MoDo 1949-1971

In 1949, Carl Kempe was appointed chairman of the board and Erik Kempe, a grandson to JC Kempe from his third marriage and representing the Seth branch, succeeded Carl as MD. The reason for this change between the two branches was that the “Frans branch” was unable to present a suitable successor to Carl. Erik and Carl’s comanagement of the company was not without frictions (Lyberg, 1984). In 1959, Erik Kempe suddenly died from a heart attack and due to the lack of successors in the family, Bengt Lyberg was appointed MD.3 Lyberg’s time in office until 1971 was characterized by a balancing of family interests. He was also surrounded by family representatives in the management team. Carl remained chairman of the board until 1965 when he was succeeded by his nephew Matts Carlgren. Matts took over the post as MD in 1971 and stepped down in 1985, remaining operative chairman of the board until 1990.

The Second World War opened up new opportunities. Pulp manufacturers in northern Sweden used their R&D departments to develop a range of spin-off products.4 The use of pulp for manufacturing paper was almost dimmed by all new uses arising as a consequence of the war experiments (cf. Hernod, 1942). As a result, the route for the future was under review (Melander, 1997).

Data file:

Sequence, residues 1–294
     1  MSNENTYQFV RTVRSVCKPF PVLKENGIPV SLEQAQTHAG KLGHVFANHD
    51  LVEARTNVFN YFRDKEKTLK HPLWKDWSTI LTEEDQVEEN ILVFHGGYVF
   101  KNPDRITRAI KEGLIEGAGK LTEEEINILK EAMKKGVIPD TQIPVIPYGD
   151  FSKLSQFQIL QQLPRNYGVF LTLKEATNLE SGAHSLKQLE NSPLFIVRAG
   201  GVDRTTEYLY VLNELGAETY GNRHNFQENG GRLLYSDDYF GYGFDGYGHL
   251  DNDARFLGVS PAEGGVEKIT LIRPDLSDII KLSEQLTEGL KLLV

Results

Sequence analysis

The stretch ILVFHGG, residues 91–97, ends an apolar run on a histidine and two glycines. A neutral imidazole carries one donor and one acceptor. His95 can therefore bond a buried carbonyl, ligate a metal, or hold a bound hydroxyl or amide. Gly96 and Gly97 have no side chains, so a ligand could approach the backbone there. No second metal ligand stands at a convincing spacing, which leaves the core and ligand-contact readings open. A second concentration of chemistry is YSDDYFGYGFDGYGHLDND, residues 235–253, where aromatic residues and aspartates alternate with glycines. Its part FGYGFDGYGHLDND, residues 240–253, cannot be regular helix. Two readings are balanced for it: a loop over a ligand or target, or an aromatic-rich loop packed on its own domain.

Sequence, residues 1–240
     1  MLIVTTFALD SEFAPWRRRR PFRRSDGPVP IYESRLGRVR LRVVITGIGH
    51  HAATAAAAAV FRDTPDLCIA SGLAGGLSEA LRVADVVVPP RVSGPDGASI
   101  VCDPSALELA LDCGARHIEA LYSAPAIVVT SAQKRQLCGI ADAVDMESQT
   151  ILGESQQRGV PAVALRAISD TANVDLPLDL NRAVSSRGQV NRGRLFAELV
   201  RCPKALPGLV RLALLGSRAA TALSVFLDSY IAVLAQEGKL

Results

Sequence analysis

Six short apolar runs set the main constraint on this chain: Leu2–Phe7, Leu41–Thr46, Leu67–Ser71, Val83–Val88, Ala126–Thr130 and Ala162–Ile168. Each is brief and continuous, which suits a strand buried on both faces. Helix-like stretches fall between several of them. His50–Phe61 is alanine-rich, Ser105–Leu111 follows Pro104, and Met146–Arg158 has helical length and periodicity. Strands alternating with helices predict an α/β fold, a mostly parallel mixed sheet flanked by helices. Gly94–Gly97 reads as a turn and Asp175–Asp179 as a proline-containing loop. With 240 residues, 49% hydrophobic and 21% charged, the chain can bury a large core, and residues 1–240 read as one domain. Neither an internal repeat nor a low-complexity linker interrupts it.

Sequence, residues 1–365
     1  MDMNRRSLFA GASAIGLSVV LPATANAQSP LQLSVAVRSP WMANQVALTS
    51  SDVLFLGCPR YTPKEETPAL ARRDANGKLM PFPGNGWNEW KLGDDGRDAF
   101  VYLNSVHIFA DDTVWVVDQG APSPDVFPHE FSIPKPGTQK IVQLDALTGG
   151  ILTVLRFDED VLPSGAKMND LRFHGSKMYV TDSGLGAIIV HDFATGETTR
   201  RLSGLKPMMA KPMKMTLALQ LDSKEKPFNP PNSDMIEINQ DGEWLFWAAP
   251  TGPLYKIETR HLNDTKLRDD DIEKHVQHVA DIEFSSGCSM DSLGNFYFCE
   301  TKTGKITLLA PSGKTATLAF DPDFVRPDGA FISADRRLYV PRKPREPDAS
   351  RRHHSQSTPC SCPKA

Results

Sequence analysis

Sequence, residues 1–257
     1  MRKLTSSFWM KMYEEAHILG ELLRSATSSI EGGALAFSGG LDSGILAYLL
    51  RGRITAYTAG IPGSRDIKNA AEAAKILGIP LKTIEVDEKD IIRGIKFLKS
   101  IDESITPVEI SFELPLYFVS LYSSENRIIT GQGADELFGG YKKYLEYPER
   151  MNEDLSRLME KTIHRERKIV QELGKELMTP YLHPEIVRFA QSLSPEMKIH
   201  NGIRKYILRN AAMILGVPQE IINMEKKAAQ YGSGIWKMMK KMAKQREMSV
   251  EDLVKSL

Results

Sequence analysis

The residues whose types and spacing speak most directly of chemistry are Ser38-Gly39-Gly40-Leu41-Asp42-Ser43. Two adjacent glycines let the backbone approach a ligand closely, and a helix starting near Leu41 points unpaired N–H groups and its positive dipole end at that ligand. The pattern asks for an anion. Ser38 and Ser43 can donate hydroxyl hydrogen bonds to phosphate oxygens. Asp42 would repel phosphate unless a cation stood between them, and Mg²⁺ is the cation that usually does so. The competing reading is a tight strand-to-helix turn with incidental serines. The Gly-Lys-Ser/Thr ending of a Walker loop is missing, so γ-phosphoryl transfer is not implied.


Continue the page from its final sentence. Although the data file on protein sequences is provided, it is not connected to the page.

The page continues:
In Sweden, the two dominating strategic alternatives5 were to integrate pulp with a production of paper or to develop the pulp industry into an organic chemical industry, that is, commercializing all by-products developed during the war. Of predictive importance was the decision of the largest pulp producer SCA in the mid-1950s to integrate with a production of newsprint and cardboard paper (Gaunitz, 1979).

MoDo, an important pulp producer in 1945, made no clear choice between the strategic alternatives, but there was an emphasis on continued investments in organic and later petrochemicals (Carlberg & Scholander, 1989). This consistent focus on pulp technology was anchored in the extensive R&D efforts. Peterson (1996) concluded that MoDo developed at least six industry-wide technology innovations after World War II.

In 1964, Bengt Lyberg announced that the company also decided to follow the first strategic alternative, and integrate the production of pulp with a production of paper. The decision was late when compared to the major competitors in the industry and implementation lasted. Production in Husum did not start until 1972. This decision was the starting point for several new investments. It was a daring investment both when it came to the size of the machine and the choice of paper grade (Lyberg, 1984). The

 
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